clean massage table

A massage therapy table and its accessories could become potentially contaminated surfaces during the COVID-19 pandemic.

This business equipment has two individuals (the client and practitioner) breathing directly over and upon it for extended periods of time. As such, it should be thoroughly sanitized between users.

In this article, we will review how to properly sanitize a massage therapy table and table accessories, which include table bolsters and face cradle equipment.

1. Strip Your Table of Unnecessary Items. Remove all reusable items that cannot be laundered or sanitized between clients, such as table skirts or heating pads, and do not use them during the pandemic. 

The goal is to eliminate unnecessary items that could harbor virus or bacteria within the establishment.  Fabrics that are in close contact to an individual’s airway for an extended period could harbor germs hence they should be removed from the treatment room if they are not essential to use.

2. Protect Yourself When Removing Linens and Sanitizing. Open any windows or doors and engage any air filtration or ventilation sources prior to using commercial sanitizing products that are not already in use.  Wear a facial covering and gloves when removing all bodywork linens and place items in a sealed container for laundering. This includes blankets, sheets, covers and towels. Do not reuse any linen on clients.

Facial coverings and gloves will help protect a user’s skin and airway from chemical sanitizer exposure and provide minimal protection from contaminated linens or surfaces.

3. Launder Correctly. When laundering items prior to redressing the table, be sure to use the hot water setting on the washer and the high heat setting on the dryer, plus ensure that all laundry is thoroughly dried after washing with detergent. One of the best ways to reduce germs from laundry is through high heat temperatures. Use a laundry machine’s sanitize setting if it is available and bleach with laundry detergent if the linens can be bleached.  Wash hands prior to handling clean laundry or redressing the table.

4. Clean Your Table. Wash the table and all table accessory surfaces with soap and water then rinse and dry after removing the linens. The goal is to remove debris from a surface prior to disinfection.  Disinfection is not effective on a dirty surface therefore washing is required first.  Rinse a newly cleaned surface with a wet paper towel then dry the surface with a dry paper towel or allow it to air dry prior to applying a disinfectant.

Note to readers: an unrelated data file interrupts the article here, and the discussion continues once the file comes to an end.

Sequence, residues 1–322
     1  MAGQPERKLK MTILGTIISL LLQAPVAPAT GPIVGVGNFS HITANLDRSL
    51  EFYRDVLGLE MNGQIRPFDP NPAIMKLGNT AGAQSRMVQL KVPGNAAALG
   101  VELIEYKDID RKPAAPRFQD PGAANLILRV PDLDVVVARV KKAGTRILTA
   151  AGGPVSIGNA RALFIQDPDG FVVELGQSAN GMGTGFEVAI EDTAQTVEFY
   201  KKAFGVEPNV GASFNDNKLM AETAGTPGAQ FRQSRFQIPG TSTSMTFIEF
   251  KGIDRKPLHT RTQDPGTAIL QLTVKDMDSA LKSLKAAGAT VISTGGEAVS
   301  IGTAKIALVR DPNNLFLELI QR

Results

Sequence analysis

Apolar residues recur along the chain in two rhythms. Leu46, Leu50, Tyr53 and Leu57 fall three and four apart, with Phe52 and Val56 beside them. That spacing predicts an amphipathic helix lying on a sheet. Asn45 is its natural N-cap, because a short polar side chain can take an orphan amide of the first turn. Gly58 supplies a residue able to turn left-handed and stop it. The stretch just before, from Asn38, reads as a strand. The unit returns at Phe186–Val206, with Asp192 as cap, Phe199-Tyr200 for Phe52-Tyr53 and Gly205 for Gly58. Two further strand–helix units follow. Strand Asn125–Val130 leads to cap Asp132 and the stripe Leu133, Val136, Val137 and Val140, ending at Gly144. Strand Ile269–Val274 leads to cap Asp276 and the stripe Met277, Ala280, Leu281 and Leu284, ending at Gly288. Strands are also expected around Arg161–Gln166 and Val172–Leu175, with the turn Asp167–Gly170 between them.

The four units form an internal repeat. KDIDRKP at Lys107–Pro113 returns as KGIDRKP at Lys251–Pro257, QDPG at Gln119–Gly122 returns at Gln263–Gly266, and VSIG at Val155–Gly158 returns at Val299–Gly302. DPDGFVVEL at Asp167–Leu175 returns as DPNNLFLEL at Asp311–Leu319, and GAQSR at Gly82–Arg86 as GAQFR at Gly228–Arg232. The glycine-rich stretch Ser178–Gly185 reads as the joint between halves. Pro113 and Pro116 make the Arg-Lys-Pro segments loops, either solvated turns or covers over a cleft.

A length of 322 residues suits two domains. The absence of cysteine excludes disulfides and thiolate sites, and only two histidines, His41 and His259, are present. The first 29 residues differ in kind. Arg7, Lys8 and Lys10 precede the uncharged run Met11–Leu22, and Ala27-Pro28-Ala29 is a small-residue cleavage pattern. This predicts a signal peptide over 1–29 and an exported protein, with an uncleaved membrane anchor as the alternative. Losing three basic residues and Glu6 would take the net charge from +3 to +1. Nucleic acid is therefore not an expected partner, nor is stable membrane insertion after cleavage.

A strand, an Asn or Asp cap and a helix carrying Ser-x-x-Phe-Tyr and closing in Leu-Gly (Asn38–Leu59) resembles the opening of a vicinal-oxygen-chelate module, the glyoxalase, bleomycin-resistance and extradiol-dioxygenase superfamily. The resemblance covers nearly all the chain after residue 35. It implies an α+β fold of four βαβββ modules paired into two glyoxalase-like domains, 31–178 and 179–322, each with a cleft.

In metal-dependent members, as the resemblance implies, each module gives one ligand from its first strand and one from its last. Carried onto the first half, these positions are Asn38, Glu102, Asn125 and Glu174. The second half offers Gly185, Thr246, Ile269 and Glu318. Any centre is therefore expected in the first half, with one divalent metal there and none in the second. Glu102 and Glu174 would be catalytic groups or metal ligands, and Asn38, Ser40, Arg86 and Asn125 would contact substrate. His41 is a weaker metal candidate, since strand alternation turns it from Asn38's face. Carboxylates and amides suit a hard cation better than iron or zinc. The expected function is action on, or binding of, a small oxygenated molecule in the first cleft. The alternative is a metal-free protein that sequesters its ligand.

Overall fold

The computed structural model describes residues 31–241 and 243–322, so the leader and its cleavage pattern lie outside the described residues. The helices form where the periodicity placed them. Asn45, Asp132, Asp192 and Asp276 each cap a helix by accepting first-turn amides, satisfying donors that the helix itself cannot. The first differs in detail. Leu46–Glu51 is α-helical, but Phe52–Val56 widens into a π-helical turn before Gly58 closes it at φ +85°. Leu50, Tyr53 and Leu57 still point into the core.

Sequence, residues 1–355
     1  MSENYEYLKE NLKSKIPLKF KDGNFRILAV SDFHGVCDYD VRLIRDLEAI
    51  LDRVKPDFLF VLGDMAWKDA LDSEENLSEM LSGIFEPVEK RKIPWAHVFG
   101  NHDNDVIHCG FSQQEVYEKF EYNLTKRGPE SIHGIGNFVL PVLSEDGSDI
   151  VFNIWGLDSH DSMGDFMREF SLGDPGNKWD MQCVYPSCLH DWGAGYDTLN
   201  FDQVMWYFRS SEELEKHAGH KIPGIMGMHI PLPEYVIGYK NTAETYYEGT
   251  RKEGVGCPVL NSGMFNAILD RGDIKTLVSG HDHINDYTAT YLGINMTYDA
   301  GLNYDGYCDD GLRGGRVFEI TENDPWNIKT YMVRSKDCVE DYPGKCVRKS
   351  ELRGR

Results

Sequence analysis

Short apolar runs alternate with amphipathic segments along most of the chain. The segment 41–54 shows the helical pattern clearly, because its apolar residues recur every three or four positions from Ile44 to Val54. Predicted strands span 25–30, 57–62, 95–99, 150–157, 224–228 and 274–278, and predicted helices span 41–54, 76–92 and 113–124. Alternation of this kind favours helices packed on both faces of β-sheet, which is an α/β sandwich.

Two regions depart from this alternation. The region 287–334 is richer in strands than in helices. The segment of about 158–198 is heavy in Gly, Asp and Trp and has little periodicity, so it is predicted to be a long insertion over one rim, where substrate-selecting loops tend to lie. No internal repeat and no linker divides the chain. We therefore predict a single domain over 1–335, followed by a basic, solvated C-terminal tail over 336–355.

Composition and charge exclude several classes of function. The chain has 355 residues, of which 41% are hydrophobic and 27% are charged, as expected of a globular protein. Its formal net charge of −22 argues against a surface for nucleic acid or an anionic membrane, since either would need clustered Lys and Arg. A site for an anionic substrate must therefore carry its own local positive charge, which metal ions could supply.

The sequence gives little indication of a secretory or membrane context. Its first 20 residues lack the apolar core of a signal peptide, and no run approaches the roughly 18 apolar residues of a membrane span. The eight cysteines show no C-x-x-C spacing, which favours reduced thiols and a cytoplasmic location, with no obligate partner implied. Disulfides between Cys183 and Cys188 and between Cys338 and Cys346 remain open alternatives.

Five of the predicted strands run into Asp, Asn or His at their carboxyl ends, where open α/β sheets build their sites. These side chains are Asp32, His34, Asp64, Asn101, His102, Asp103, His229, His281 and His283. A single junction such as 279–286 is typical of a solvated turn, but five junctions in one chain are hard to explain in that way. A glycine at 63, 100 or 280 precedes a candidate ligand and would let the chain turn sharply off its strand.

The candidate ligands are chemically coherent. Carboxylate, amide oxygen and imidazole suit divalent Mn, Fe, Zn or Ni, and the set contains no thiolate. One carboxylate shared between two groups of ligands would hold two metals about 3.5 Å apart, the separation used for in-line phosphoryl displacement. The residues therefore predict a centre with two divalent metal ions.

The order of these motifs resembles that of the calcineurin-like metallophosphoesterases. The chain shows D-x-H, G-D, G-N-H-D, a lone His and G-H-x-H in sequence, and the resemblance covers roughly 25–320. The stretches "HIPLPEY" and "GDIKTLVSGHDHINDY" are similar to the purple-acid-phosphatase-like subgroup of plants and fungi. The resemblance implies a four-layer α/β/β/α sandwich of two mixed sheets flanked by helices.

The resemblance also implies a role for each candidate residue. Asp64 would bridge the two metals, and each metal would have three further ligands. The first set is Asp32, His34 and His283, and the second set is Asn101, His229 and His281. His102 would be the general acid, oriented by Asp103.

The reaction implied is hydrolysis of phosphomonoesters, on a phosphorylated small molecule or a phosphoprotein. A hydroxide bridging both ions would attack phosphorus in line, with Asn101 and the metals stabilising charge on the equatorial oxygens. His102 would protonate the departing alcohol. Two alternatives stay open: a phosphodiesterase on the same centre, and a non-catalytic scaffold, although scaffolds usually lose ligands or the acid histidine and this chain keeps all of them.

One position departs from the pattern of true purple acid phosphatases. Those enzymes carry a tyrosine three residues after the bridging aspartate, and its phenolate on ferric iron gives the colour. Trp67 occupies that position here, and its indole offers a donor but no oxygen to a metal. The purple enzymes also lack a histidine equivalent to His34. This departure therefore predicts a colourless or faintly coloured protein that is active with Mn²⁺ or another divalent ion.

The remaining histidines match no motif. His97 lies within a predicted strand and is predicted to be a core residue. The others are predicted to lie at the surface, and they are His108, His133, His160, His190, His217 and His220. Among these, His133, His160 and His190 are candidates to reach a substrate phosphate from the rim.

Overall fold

Provide extra attention to any surface that a client has directly breathed, sneezed or coughed upon. That means be thorough with any bars and handles of the face cradle, face cushion and top of the table.

5. Disinfect Everything, Including Accessories. Apply a disinfectant to all table surfaces, legs, knobs, pegs, handles, bolsters and any remote controls used for table adjustments. Do the same for the face cradle, face cushion and any accessories in between. Keep all sanitizer items in a sealed receptacle before and after use.

If the table has a hole for a client’s head instead of a separate face cradle, be sure to thoroughly wash and disinfect all surfaces inside, underneath and around the face hole.

6. Employ Contact Time. Allow proper contact time for the disinfectant to work prior to redressing the table or table accessories. Most disinfectants require several minutes of contact time (also known as dwell time) for efficacy. Read and follow the manufacturer’s labelled instructions on a disinfectant. The disinfectant’s label is the law.

7. Alternate Face Cradle Cushions. Consider using two separate face cradles and face cushions during the COVID-19 pandemic. Practitioners can alternate face cushion equipment with every new client to help minimize exposure when this equipment is employed with the table.

Helpful Links

Here are some more helpful COVID-19 informational links for massage staff and establishment owners:

6 Steps for Safe and Effective Disinfectant Use, from the EPA

Disinfectants for Coronavirus (COVID-19), from the EPA (Be vigilant when viewing the EPA website list of disinfectants and heed all instructions or warnings with each.)

•General Business Frequently Asked Questions, from the CDC

•How to Remove Gloves, from the CDC

Interim Infection Prevention and Control Recommendations for Healthcare Personnel During the Coronavirus Disease COVID-19 Pandemic, from the CDC

The best way to prevent the acquisition or transmission of COVID-19 is to self-isolate. But if you must work during the pandemic, consider utilizing additional protection measures such as a client health intake form that includes specific COVID-19 screening. 

About the Author:

Selena Belisle is the founder of CE Institute LLC in Miami, Florida. She has been practicing massage therapy for over 30 years and is approved as a continuing education provider by the National Certification Board for Therapeutic Massage & Bodywork and multiple state boards in the bodywork and cosmetology industries.